Rest home subsidies and the abolition of gift duty
Recently, much has been made of the governments intention to do away with gift duty from 1 October. The abolition of gift duty will allow you to complete a gifting programme in one fell swoop by making a transfer of property to your family trust and then completing a single gift of the full purchase price to the trust.
However the abolition of gift duty will not affect the position of the Ministry of Social Development (MSW) in assessing your financial position for the purposes of rest home subsidies; the MSWs assessment is entirely independent of the Inland Revenue
Departments gift duty assessments. When the announcement of the abolition of gift duty was made,some suggested that by taking advantage of no gift duty and completing the single gift of the sale value of the asset to the trust, you would thereafter be eligible for government subsidies for services such as rest home care. However, that is not the case.
The MSW has a stringent regime of assessing whether or not you may have deprived yourself of assets prior to a means assessment of income and assets. Essentially, the MSW allows you to hold certain assets at the time of making an application for subsidies for health care. Additionally, the MSW will allow you to gift no more than $6,000 for the five years prior to the application, and for the years prior to that, of $27,000/year. Any gifting over those levels may be considered by the MSW as deprivation of assets and the MSW will include that excess gifting or disposal of assets in a means assessment, thereby clawing back the transaction that deprived you of assets.
The important message is that after 1 October a one-off gift to a family trust to take advantage of the abolition of gift duty and thereby transferring ownership of assets to the trust will not prevent the MSW from assessing your assets and gifting during your lifetime for the purposes of means assessment for rest home subsidies. The longevity and independence of a trust will help you in an MSW assessment of deprivation in a means assessment.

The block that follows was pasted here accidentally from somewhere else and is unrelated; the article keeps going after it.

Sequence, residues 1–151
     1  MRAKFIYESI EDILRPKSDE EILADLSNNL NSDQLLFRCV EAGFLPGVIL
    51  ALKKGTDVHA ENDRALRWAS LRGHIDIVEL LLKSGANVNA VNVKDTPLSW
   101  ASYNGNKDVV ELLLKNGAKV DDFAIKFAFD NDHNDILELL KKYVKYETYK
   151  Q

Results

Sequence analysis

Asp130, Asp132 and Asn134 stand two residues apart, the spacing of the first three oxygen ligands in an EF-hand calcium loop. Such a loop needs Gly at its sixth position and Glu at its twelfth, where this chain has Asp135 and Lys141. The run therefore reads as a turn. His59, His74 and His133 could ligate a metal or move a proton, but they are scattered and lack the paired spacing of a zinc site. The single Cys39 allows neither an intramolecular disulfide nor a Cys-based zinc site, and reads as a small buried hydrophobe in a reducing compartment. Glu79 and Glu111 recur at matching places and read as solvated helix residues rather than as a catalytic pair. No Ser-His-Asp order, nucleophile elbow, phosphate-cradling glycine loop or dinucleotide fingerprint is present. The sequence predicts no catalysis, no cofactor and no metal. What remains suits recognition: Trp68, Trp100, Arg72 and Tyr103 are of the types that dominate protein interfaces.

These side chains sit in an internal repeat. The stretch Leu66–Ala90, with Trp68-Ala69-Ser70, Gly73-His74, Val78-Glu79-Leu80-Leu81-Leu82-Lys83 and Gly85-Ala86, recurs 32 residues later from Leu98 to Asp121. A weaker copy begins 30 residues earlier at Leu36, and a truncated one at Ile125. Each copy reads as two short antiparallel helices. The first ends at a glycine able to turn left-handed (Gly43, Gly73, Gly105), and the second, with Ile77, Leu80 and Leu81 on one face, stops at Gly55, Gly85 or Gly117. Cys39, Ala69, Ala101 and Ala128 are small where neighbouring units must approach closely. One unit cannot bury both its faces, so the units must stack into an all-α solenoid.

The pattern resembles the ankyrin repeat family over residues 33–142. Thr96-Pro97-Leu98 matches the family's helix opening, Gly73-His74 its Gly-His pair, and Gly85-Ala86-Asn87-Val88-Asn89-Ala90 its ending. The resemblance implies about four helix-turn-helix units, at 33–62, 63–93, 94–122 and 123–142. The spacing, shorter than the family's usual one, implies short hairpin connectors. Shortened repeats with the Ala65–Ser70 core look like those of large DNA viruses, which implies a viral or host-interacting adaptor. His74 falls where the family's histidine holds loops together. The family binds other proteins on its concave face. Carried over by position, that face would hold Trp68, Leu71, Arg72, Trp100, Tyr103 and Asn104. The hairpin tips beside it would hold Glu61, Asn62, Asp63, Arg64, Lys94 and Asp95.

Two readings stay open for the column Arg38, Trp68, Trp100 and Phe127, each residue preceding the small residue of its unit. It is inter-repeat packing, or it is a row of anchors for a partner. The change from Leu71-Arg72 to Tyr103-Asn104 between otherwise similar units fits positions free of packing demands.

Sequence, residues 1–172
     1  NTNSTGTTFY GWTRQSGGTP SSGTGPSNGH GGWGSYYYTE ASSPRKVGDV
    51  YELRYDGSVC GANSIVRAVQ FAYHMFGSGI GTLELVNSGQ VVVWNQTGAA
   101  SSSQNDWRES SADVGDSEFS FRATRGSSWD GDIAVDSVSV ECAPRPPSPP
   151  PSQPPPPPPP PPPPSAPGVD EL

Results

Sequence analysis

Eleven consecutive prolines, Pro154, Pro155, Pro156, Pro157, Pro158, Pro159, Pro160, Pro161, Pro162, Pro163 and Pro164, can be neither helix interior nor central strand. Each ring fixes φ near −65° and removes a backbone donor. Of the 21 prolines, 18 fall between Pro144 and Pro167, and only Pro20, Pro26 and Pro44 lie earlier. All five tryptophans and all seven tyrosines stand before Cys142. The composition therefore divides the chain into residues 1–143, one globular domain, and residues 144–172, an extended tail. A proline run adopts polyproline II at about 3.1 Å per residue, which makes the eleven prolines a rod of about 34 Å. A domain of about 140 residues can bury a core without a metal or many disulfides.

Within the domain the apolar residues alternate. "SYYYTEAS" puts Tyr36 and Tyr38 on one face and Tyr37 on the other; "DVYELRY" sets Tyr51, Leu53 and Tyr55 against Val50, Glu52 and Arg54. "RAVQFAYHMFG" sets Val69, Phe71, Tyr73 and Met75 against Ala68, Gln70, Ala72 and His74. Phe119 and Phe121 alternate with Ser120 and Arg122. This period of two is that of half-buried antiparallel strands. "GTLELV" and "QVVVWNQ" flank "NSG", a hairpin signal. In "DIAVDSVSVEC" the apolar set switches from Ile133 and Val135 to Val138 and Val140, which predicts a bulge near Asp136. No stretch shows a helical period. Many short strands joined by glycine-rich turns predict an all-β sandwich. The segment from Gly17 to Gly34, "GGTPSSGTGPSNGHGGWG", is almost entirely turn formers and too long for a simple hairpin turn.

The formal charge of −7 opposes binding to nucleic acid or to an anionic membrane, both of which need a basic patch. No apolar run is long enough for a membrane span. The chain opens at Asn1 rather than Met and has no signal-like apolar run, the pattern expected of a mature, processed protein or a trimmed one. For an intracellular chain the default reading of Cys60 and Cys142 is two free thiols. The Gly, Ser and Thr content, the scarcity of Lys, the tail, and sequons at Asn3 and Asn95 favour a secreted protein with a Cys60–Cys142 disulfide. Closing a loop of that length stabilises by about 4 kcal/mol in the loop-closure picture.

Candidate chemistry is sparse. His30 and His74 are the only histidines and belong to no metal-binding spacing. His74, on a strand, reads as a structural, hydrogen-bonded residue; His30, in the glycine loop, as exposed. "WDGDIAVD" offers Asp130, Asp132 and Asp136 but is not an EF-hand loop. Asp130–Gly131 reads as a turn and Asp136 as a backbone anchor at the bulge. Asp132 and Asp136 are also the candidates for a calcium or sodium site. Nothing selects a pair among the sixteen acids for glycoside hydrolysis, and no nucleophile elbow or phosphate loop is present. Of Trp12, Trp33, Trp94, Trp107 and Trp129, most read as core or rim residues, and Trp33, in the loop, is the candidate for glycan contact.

However after 1 October, if you attempt to avoid payment of rest home subsidies by completing a single gift in close proximity to a claim for rest home subsidies (or similar), it is unlikely to be effective.
Buying and selling a unit title property: management agreements
Since the Unit Titles Act 2010 came into force on 20 June 2011, we expect to see a greater level of transparency and disclosure of relevant information in respect of unit title properties. The contents and effect of management agreements (MA) are often overlooked when entering into Agreements for Sale & Purchase (the Agreement).
If you are selling a unit, the subject of an MA consideration should be given at the outset as to whether the buyer intends to become a party to the MA or not. Care and advice needs to be taken in drafting the Agreement to ensure that any notice periods for ending the MA are recorded and adhered to, and any options to purchase or first rights of refusal to purchase are satisfied.
A recent decision of the Real Estate Agents Authority Complaints Assessment Committee3 provided that any commissions payable to Real Estate Agents in respect of the MA should be supported by an Agency Agreement (s126 of the Real Estate Agents Act 2008).
NB: There is more on the unit titles legislation requirements for long term maintenance plans, and pre-contract and pre-settlement disclosures on Page 2.
Residential property developments to become acceptable investments under New Zealand Immigration investor category instructions
Effective from 25 July 2011, an investment of at least $1.5 million in a residential property development now qualifies as an acceptable investment for the purposes of obtaining a residence visa under the Investor Category from Immigration New Zealand. The following conditions, however, must be met:
1. The residential property must be a new development on vacant land
2. Renovations or extensions to existing developments will not qualify
3. All regulatory approvals in terms of building consents and resource consents (where necessary) will need to be obtained. The cost of the same will not be permitted to be calculated in the total investment sum
4. The applicant must intend to make a commercial return in the open market, and
5. Family members or anyone associated with the principal investor must not reside in the residential property development. The government has introduced residential property developments as an acceptable form of investment to jump start the construction sector in New Zealand.
3 Complaints Assessment Committee, Robyn Wilson, Real Estate Agents Authority Summit Real Estate Limited CA3976464, CAC10012 1 June 2011